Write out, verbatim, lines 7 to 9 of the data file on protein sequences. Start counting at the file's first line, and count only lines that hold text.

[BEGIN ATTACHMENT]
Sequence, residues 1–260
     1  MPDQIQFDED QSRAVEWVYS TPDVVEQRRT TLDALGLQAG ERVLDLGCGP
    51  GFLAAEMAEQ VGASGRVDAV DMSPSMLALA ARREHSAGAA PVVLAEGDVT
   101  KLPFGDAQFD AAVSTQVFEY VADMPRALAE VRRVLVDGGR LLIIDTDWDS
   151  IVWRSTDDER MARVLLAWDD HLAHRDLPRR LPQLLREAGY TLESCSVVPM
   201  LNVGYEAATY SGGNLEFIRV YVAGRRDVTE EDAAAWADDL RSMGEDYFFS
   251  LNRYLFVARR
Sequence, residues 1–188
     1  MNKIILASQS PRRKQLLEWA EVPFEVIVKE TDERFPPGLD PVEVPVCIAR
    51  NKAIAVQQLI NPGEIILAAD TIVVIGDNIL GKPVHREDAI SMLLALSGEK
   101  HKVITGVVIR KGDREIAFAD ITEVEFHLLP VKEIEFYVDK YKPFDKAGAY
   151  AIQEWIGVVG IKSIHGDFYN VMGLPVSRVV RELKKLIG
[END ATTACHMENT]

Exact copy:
   251  LNRYLFVARR
Sequence, residues 1–188
     1  MNKIILASQS PRRKQLLEWA EVPFEVIVKE TDERFPPGLD PVEVPVCIAR